> The WTO and International
GENEVA (ILO/WTO News) — A joint study from the International Labour Organization
and the WTO has found that high incidence of informal employment in the
developing world suppresses countries' ability to benefit from trade opening by
creating poverty traps for workers in job transition.
The study is a product of the collaborative research programme of the ILO
International Institute for Labour Studies and the WTO Secretariat. It focuses
on the linkages between globalization and informal employment and finds that
informal employment is widespread in many developing countries, leaving
thousands of workers with almost no job security, low incomes and no social
protection. Levels of informality vary substantially across countries, ranging
from as low as 30% in some Latin American countries to more than 80% in certain
sub-Saharan African and South Asian countries.
“The study confirms what we know from experience, that by promoting
complementarity between decent work objectives and trade, financial and labour
market policies, developing countries are much better placed to benefit from
trade opening, advance the social dimension of globalization, and to cope with
the current crisis” said ILO Director-General Juan Somavia. He added that this
echoes the recent call by the G20 to implement “recovery plans that support
decent work, help preserve employment, and prioritize job growth....and to
continue to provide income, social protection, and training support for the
unemployed and those most at risk of unemployment.”
Informal employment involves private, unregistered enterprises which are not
subject to national law or regulation, offer no social protection and involve
self-employed individuals, or members of the same household. In most cases,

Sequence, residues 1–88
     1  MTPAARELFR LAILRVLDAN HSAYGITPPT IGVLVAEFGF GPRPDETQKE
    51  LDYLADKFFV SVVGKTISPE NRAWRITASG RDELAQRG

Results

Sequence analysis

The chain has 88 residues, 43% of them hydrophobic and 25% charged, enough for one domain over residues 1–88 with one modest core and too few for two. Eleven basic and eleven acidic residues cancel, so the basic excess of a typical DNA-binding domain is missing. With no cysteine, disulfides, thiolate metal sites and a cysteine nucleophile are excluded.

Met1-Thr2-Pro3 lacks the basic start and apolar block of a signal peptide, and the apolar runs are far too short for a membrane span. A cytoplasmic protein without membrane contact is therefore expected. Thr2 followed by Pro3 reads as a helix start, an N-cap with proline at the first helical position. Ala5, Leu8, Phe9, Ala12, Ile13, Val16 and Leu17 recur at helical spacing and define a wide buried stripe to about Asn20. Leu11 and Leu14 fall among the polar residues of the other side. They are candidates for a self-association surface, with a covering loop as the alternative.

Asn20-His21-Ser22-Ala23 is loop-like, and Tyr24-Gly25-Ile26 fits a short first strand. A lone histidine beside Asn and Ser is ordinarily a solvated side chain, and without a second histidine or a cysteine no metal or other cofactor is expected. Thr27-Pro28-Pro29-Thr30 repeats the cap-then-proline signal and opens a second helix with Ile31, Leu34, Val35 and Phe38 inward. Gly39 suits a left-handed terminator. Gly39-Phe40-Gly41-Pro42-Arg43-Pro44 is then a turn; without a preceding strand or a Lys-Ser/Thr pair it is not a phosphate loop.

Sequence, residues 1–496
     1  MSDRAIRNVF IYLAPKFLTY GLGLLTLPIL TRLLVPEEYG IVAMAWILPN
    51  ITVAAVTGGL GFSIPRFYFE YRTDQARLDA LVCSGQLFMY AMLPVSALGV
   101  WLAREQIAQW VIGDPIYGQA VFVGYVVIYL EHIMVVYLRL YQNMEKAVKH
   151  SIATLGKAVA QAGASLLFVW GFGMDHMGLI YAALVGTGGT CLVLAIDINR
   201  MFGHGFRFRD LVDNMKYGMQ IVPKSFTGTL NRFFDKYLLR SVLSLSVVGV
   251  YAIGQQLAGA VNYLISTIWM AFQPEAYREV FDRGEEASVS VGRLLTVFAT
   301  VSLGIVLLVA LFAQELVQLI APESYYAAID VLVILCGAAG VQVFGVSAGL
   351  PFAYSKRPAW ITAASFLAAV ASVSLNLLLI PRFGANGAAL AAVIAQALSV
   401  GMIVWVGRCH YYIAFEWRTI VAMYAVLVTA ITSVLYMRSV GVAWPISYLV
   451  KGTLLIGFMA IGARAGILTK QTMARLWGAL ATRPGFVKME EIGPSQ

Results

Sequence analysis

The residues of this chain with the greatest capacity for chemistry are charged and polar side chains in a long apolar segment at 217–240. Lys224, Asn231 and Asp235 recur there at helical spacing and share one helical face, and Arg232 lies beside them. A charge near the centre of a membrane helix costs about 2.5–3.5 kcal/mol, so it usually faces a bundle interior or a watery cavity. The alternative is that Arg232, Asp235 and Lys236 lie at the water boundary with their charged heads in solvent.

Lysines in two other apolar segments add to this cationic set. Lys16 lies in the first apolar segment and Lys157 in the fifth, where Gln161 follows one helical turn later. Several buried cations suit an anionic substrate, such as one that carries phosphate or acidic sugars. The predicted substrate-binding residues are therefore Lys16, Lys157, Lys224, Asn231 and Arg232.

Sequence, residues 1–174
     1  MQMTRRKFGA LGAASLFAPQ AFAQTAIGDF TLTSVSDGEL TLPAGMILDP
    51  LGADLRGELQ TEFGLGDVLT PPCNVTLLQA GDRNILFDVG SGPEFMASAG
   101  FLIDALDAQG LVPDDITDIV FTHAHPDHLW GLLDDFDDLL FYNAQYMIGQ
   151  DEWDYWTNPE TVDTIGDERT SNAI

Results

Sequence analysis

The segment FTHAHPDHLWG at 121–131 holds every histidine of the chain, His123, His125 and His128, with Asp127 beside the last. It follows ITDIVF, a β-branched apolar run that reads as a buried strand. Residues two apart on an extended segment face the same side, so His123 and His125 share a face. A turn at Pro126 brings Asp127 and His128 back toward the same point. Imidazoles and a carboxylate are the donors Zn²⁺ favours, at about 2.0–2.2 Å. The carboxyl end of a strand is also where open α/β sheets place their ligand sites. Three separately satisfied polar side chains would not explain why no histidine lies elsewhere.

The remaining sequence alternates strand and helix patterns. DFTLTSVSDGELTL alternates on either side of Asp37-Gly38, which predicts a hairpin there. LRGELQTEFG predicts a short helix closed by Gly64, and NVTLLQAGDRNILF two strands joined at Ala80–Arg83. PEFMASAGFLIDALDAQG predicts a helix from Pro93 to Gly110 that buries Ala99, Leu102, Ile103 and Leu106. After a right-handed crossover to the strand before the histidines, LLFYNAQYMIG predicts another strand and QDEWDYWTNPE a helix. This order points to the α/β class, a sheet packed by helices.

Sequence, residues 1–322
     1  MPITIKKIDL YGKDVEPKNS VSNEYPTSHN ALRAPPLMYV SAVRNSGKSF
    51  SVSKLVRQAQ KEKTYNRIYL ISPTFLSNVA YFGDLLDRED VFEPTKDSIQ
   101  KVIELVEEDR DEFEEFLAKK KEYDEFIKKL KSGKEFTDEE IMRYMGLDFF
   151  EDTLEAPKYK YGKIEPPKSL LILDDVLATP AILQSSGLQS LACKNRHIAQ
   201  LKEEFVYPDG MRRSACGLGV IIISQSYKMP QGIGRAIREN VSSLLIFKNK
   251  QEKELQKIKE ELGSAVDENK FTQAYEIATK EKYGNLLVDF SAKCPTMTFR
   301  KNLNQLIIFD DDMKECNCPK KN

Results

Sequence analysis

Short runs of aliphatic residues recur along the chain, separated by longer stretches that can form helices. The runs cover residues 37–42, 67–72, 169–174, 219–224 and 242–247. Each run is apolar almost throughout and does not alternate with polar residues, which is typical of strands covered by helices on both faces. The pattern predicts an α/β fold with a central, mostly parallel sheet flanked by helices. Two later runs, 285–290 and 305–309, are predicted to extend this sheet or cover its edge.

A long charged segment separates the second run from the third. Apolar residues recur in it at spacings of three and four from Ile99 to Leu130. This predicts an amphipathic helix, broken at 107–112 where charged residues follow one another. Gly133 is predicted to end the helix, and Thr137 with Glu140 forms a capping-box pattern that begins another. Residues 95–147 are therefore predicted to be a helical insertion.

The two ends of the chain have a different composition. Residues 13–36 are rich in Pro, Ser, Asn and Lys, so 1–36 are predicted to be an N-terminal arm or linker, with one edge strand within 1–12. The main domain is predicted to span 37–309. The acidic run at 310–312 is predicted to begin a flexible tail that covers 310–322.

informality has remained high and has even increased in some countries,
particularly in Asia.
“Trade has contributed to growth and development worldwide. But this has not
automatically translated in an improvement in the quality of employment. Trade
opening needs proper domestic policies to create good jobs. This is all the more
evident with the current crisis which has reduced trade and thrown thousands
into informal jobs,” said WTO Director-General Pascal Lamy.
The analyses on the effect of trade opening on the size of the informal economy
suggest that the effect of trade opening on informality depends crucially on
both country-specific circumstances and the design of trade and domestic
policies. The empirical analysis in this study shows that more open economies
tend to have a lower incidence of informal employment. The short term effects of
trade reforms may in the first instance be associated with higher informal
employment. But longer terms effects point in the direction of a strengthening
of formal sector employment, provided that trade reforms are more employment
friendly and the right domestic policies are in place.
Reducing informality can release additional productive forces, enhance
diversification and strengthen the capacity to trade internationally. Adverse
effects of informality can mainly be related to the absence of productivity
gains and low average firm size resulting from barriers to firm growth in the
informal economy. Entrepreneurship and risk-taking is reduced when informality
is high, partly as a result of badly designed tax systems, weak social
protection and poor business regulation. Informality also prevents countries
from fully benefiting from trade reforms by creating poverty traps for workers
in job transition.
The higher the incidence of informality, the greater the vulnerability of
developing countries to shocks like the ongoing global crisis. Countries with
larger informal economies suffer more frequently from shocks and experience
lower sustainable growth rates. Also, informal employment reduces the
effectiveness of automatic stabilizers.
Integration into world markets and tackling informal employment through decent
work policies should be considered complementary. Facilitating formality of
firms and jobs helps a country to benefit fully from trade openness, improves
living standards and gives workers access to decent working conditions. Social
protection is also crucial for supporting transitions and realising the gains
from open trade. Greater attention should be devoted to social protection
policies as well as to the design of trade reforms.
The study suggests that trade reforms should be designed and implemented in an
employment-friendly way, making the reallocation of jobs more conducive to
formal employment growth.
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